Thursday, July 28, 2011

Update From Councilman Wittenstein; Farmer Bob Reviews Council Meeting

Below you will find the latest city of Dunwoody update from Councilman Robert Wittenstein.  Robert talks about the two bond referendums that were unanimously approved on Monday night and will be on the November ballot.  He also talks about the city's new service contracts.
Below the councilor's update is the first part of the most recent post by Dunwoody sage Bob Lundsten.  Draw your own conclusions.

Dear Dunwoody Friends and Neighbors,

We have just re-negotiated contracts for city services with local venders and have achieved significant cost savings with higher levels of service.
When the city started two and half years ago we signed contracts with three firms to provide most city services. With those contracts expiring in December, it was time to take the contracts back out to bid.
I was one of three council members on the evaluation committee. We drafted the Request for Proposals, developed the scoring system, reviewed dozens of proposals (thousands of pages) and conducted 21 face-to-face interviews with potential venders.
We had a very competitive process that led to our recommendation of four firms. Two of the firms are currently providing services to Dunwoody and the other two firms have asked to talk with our current contract staff to see if there is a good fit, so we expect very little staff turnover as a result of the process.
We are getting significantly higher levels of services in IT and Marketing/Communications and comparable levels of service in all other areas. The process has provided strong and compelling evidence that our contracting model works and will provide excellent service at locked-in savings for the contract period.
These contracts will save us over $3 million over the next four years. The $780,000 per year in savings will be available for additional road or parks improvements, or to cover the added cost of the ChatComm 911 service. I would like us to earmark some of the funds to start a vehicle replacement fund so that when we need start replacing our existing fleet of police cars in a few years we have the money in reserve rather than having to borrow from the bank and pay interest.
It didn't get a lot of play in the local press, but we dodged a tax bullet this month. There was a lot of publicity around DeKalb County's 4.3 mill tax increase. What didn't get as much notice is that most of that doesn't apply to Dunwoody city residents. Our taxes are "only" going up 1.59 mills. That is still a jump, and it will mean about $150 more per year for the average Dunwoody homeowner, but it is a far cry from the major tax increase other DeKalb residents will endure. Dunwoody's total property tax millage rate is now ten percent lower than anywhere else in DeKalb County.
On a related note, this week the Dunwoody City Council voted unanimously to place two parks bond referendum on the November ballot. The first would fund the purchase of additional park land; the second would fund facility improvements to existing and newly acquired parks. If approved, each would add $104 in property tax per year to the average Dunwoody home. It will be up to the voters to decide whether we want to fund additional parks infrastructure investment or maintain the status quo.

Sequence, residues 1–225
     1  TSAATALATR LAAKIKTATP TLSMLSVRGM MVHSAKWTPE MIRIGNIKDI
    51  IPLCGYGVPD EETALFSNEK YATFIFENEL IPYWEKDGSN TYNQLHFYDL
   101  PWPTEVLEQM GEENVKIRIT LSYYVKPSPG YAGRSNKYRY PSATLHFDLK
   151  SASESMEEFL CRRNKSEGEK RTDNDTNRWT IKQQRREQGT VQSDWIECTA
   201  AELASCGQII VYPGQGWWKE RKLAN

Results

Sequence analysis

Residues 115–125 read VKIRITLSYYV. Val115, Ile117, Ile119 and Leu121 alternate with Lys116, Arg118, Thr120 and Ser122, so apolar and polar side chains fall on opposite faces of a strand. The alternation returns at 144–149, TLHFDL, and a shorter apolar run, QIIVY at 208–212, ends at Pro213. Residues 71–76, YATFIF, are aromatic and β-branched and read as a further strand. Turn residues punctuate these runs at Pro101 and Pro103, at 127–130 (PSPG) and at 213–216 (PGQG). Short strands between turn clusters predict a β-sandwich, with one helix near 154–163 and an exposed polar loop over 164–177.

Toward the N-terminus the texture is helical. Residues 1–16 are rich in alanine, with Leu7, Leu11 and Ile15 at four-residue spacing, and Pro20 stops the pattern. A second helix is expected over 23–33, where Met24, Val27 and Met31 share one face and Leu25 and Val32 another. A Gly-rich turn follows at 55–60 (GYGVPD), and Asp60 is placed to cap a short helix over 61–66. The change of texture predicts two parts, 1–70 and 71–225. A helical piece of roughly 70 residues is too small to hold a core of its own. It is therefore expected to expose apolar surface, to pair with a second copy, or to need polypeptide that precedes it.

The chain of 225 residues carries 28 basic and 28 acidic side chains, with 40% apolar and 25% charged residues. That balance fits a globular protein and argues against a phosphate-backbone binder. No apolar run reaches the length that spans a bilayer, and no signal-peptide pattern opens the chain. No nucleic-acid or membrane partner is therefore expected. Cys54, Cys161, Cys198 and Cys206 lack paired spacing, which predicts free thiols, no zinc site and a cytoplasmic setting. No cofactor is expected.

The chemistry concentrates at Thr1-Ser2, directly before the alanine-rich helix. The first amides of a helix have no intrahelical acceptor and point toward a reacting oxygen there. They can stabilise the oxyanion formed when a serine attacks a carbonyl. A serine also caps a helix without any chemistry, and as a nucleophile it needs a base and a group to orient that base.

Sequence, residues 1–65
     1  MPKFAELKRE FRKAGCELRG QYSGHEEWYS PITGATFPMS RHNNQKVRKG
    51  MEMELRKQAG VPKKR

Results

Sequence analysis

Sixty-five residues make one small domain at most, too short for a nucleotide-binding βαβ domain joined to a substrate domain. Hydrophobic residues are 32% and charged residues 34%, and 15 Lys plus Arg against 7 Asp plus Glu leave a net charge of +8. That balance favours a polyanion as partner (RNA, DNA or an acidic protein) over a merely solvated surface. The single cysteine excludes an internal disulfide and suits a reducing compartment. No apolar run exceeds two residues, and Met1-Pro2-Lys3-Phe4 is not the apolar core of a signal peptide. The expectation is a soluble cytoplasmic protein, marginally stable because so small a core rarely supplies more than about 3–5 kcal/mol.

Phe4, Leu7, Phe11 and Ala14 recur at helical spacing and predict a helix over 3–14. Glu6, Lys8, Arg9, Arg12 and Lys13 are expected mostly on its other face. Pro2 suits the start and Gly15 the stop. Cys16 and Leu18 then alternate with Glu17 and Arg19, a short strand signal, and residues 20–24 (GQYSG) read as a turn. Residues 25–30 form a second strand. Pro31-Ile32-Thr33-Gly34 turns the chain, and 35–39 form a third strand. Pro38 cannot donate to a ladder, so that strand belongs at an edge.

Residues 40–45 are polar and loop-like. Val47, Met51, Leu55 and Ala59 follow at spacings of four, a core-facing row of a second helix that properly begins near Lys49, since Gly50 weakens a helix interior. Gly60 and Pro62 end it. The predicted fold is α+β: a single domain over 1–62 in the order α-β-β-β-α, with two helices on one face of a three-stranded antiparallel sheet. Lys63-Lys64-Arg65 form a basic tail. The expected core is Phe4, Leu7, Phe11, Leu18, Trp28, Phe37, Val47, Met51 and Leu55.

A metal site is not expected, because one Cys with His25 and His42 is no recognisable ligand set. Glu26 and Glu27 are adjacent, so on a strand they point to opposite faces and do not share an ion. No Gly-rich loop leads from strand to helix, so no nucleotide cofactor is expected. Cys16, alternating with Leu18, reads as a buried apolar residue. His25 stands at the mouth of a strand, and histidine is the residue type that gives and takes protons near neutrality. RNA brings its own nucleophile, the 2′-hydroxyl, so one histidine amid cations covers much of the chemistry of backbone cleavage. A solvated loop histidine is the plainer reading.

Next month I'll travel to Eatonton, Georgia (in Putnam County) to represent Dunwoody at the joint Georgia Municipal Association/ACCG Revenue and Finance policy committee meeting. The primary goal of this meeting is to develop the tax, revenue and finance priorities for cities and counties in the next Georgia General Assembly session. Tax reform is sure to be high on the list of priorities. I am sure it will be a lively session!
It's hard to believe but DeKalb County schools start again soon on August 8. Remember to drive carefully in school zones and obey the reduced speed limits. Watch out for walkers and bikers. Good luck to everyone as we begin a new school year.


I just got done watching the videos of the council meeting on Monday night. That was the meeting that some members of the City Council are all puffed up about. We passed the bond issue, so we will now get a chance to vote on raising our property taxes. That is OK. Citizens have that right. I totally disagree with the false sense of urgency that Councilman Wittenstein has constantly hyped, but the voters will decide.

There is no way I would give this or any council in the future, a $30+ million advance to spend on future projects without any real guidelines or controls. Do not throw the parks plan out there as the supposed guide of future spending. This council has shown a total disregard for plans that have been worked on by committees and consultants. I still cannot figure how baseball fields even got into a plan at all regardless of where they eventually be built.
So for whatever it is worth I can support bonds for purchase, but refuse to give any council a debit card with a $30+ million line of credit. (I have no illusions that my endorsement will make a bit of difference)
What is disturbing is this council’s on going habit to make changes to items that have been worked on for months from the floor at a council meeting, then voting on the newly amended item. I do not remember hearing that any of them are legal experts, or have any experience writing city code. Not having hard copies of the changes available to the public is a dis-service to the public since no one really knows what was voted. Bad policy, bad habit, one that I hope does not come back to bite us in the butt someday.
To read the rest of Bob's blog, click Dunwoody Farmer Bob.

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